The family of Valerie Sifsof, the Anchorage woman who went missing at a campground on the Kenai Peninsula in July, is holding a service for her at a Russian Orthodox church Saturday. There will be a video memorial to her, made by her brothers, and a potluck.
But that doesn't mean the search for the missing 43-year-old is over, her father Victor Sifsof said.
The family wants to honor Valerie and the dozens of volunteers -- both family friends and strangers -- who have now been looking for her for three seasons.
The 10 a.m. service at the St. Innocent Cathedral at 401 Turpin St. in Anchorage will be followed by a potluck at the Southcentral Foundation, 4501 Diplomacy Drive.
Sifsof was last seen walking away from a campsite at the Granite Creek Campground, around Mile 64 of the Seward Highway, around midnight on July 7 after a fight with her boyfriend. Troopers searched for 10 days but stopped after they turned up nothing. Family members recruited volunteers using posters and a website, valeriesifsof.com, and have continued to scour the campground and the nearby, fast-moving Granite Creek.
Searchers battled a rainy summer, a rainy fall and a sudden and harsh freeze-up, Sifsof said. All signs continue to point toward the creek, which is littered with fallen trees and logjams from a stormy autumn.
"We're almost sure she was in that water," he said.
In October, the dark DKNY hooded sweatshirt Valerie had last been seen wearing turned up in a logjam about a half-mile downstream from the campground. A green shirt believed to belong to Sifsof was also found in the same area earlier in the year, troopers said.
A few weeks after the sweatshirt discovery, the family decided to suspend searching for the winter because conditions at the campground were becoming dangerous, Victor Sifsof said.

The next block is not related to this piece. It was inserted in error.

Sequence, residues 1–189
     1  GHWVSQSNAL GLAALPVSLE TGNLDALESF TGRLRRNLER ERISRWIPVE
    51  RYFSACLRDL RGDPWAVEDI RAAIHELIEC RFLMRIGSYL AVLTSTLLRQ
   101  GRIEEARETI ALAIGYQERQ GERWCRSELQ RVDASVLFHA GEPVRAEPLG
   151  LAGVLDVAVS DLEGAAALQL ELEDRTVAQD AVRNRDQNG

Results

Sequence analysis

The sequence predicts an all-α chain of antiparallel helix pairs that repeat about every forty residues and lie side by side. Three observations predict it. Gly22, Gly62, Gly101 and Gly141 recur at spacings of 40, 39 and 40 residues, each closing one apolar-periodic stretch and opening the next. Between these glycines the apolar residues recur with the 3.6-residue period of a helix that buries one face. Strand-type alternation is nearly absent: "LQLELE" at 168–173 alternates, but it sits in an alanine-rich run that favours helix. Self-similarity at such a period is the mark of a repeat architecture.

"The weather came in and the creek started freezing over," he said. "We still tried as long as we possibly could. It just got to a point where my concern is that someone is going to get hurt or someone is going to fall in."
The family has been moved by contributions from longtime friends and strangers alike.
Sifsof's niece, Olympic snowboarder Callan Chythlook-Sifsof, wrote on her blog about volunteers who've made the trek to the isolated campground since July.
They include a group of soldiers with the Joint Base Elmendorf-Richardson-based 1st Battalion, 501st Infantry Regiment, members of which spent some of their first days back from deployment in Afghanistan helping break up logjams and walk riverbanks.
"From 120 degree desert heat to the freezing Alaska backcountry," Chythlook-Sifsof wrote on the blog. "What a generous, selfless and compassionate gesture by these men."
Others have driven 65 miles each way to deliver hot meals, according to the Sifsof family. Organizations have provided rafting experts and trained search-and-rescue dogs. A small group even came down from Fairbanks to help in the search.
"They were good woodsmen," Victor Sifsof said. "At least six or seven days on and off they came."
Closure won't come until the family knows for sure what happened to Valerie Sifsof, her father said.
He plans to make the drive down to the campground every week during the winter to keep an eye on ice conditions. A new waterproof camera will be able to get underneath logjams and send back real-time images from underwater. Rafters are already committed to running the creek again in springtime.
"We'll look on and on until we find her," he said.
Reach Michelle Theriault Boots at firstname.lastname@example.org or 257-4344.
By MICHELLE THERIAULT BOOTS